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A bibliometric analysis of childhood immunization research productivity in Africa since the onset of the Expanded Program on Immunization in 1974

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Wiysonge, Charles S., Uthman, Olalekan A., Ndumbe, Peter M. and Hussey, Gregory D. (2013) 'A bibliometric analysis of childhood immunization research productivity in Africa since the onset of the Expanded Program on Immunization in 1974'. BMC Medicine, Vol 11, Issue 1, p. 66.

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Abstract

Background
The implementation of strategic immunization plans whose development is informed by available locally-relevant research evidence should improve immunization coverage and prevent disease, disability and death in Africa. In general, health research helps to answer questions, generate the evidence required to guide policy and identify new tools. However, factors that influence the publication of immunization research in Africa are not known. We, therefore, undertook this study to fill this research gap by providing insights into factors associated with childhood immunization research productivity on the continent. We postulated that research productivity influences immunization coverage.

Methods
We conducted a bibliometric analysis of childhood immunization research output from Africa, using research articles indexed in PubMed as a surrogate for total research productivity. We used zero-truncated negative binomial regression models to explore the factors associated with research productivity.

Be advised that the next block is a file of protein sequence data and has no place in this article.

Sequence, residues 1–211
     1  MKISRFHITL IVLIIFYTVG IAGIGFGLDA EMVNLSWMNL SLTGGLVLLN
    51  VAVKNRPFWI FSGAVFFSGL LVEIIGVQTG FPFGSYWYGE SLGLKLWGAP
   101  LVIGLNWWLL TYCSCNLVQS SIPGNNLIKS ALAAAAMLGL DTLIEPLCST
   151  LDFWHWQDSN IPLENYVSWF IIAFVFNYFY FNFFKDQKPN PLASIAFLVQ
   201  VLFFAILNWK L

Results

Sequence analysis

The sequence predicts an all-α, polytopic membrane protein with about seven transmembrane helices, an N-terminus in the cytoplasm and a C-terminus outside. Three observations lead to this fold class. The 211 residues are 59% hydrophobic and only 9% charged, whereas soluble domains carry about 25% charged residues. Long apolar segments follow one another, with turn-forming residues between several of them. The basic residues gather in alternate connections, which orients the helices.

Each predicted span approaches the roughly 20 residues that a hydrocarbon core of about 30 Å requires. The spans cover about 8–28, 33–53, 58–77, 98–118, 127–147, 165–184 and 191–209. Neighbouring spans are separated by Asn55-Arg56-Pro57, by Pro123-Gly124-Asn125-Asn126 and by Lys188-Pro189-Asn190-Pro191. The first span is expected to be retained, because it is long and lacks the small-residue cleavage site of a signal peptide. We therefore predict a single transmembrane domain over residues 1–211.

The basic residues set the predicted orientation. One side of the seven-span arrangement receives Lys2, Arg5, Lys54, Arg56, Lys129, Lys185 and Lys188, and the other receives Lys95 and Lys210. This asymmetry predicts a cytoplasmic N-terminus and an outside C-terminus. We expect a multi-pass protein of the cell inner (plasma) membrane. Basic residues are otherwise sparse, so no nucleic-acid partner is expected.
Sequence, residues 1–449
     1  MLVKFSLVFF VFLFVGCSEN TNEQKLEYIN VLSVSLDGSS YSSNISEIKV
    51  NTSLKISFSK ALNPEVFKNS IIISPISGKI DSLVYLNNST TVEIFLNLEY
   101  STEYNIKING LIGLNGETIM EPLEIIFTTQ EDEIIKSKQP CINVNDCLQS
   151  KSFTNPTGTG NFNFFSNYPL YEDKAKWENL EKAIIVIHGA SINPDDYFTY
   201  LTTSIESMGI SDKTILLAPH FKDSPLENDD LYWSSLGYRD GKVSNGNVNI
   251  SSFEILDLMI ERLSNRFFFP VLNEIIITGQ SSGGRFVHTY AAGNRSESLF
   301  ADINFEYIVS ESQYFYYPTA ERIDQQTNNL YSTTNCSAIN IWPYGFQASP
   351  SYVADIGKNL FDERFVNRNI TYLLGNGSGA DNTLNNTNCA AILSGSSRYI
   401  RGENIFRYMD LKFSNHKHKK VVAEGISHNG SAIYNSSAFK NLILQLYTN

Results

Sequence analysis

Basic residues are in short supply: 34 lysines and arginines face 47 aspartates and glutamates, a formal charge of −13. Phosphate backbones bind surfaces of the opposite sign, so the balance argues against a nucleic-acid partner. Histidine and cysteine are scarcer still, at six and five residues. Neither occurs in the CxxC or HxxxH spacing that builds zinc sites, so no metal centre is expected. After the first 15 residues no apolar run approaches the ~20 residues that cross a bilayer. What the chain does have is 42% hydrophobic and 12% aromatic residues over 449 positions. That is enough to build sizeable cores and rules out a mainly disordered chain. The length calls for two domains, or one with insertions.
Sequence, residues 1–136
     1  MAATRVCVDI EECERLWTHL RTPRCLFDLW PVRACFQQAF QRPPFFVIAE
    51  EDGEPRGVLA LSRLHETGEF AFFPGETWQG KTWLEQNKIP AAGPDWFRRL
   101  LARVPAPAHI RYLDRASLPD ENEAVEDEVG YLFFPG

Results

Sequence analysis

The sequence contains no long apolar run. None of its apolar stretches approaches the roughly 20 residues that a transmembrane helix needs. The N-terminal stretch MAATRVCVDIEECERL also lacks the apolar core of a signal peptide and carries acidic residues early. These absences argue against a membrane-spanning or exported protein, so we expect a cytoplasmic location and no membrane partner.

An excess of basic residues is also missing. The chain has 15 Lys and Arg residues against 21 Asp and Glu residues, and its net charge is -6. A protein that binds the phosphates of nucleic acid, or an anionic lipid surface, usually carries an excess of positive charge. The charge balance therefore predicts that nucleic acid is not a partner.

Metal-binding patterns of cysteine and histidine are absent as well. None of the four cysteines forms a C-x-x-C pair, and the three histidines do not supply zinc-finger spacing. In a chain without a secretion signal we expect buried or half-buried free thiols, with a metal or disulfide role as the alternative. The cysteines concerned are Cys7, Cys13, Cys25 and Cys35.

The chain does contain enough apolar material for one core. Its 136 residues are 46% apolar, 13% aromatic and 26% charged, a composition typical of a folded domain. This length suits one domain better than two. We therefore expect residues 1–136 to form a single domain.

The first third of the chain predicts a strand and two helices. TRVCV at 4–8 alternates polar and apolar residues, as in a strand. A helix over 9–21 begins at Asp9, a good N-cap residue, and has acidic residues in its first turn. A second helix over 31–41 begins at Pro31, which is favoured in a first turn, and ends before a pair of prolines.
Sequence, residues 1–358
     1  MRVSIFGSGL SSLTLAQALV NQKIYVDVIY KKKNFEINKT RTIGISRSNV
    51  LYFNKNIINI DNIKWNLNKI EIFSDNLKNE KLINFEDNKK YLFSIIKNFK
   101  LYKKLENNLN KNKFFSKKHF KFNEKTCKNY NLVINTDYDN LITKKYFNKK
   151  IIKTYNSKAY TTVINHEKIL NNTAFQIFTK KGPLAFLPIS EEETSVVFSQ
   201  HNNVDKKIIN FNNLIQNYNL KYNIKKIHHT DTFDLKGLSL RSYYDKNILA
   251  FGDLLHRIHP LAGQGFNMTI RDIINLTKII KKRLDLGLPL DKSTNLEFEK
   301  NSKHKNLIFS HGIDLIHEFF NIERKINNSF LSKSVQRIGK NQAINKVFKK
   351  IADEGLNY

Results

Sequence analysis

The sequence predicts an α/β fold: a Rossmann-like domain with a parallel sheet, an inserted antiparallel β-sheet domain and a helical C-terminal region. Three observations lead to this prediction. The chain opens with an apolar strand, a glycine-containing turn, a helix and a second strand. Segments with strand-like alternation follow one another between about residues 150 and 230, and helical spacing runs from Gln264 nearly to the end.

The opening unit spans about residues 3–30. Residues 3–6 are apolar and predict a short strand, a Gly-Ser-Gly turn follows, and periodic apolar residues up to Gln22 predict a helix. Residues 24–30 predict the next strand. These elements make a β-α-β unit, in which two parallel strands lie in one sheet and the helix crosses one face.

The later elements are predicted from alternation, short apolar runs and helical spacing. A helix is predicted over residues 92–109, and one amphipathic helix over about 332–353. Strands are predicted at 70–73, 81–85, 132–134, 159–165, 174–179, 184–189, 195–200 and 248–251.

Results
We identified 1,641 articles on childhood immunization indexed in PubMed between 1974 and 2010 with authors from Africa, which represent only 8.9% of the global output. Five countries (South Africa, Nigeria, The Gambia, Egypt and Kenya) contributed 48% of the articles. After controlling for population and gross domestic product, The Gambia, Guinea-Bissau and Sao Tome and Principe were the most productive countries. In univariable analyses, the country's gross domestic product, total health expenditure, private health expenditure, and research and development expenditure had a significant positive association with increased research productivity. Immunization coverage, adult literacy rate, human development index and physician density had no significant association. In the multivarable model, only private health expenditure maintained significant statistical association with the number of immunization articles.

Conclusions
Immunization research productivity in Africa is highly skewed, with private health expenditure having a significant positive association. However, the current contribution of authors from Africa to global childhood immunization research output is minimal. The lack of association between research productivity and immunization coverage may be an indication of lack of interactive communication between health decision-makers, program managers and researchers; to ensure that immunization policies and plans are always informed by the best available evidence.

Item Type: Article
Subjects: QW Microbiology and Immunology > Immunotherapy and Hypersensitivity > QW 806 Vaccination
WA Public Health > Health Problems of Special Population Groups > WA 320 Child Welfare. Child Health Services.
WA Public Health > Health Problems of Special Population Groups > WA 395 Health in developing countries
Faculty: Department: Clinical Sciences & International Health > International Public Health Department
Digital Object Identifer (DOI): https://doi.org/10.1186/1741-7015-11-66
Depositing User: Martin Chapman
Date Deposited: 09 Feb 2015 14:41
Last Modified: 06 Feb 2018 13:08
URI: https://archive.lstmed.ac.uk/id/eprint/4871

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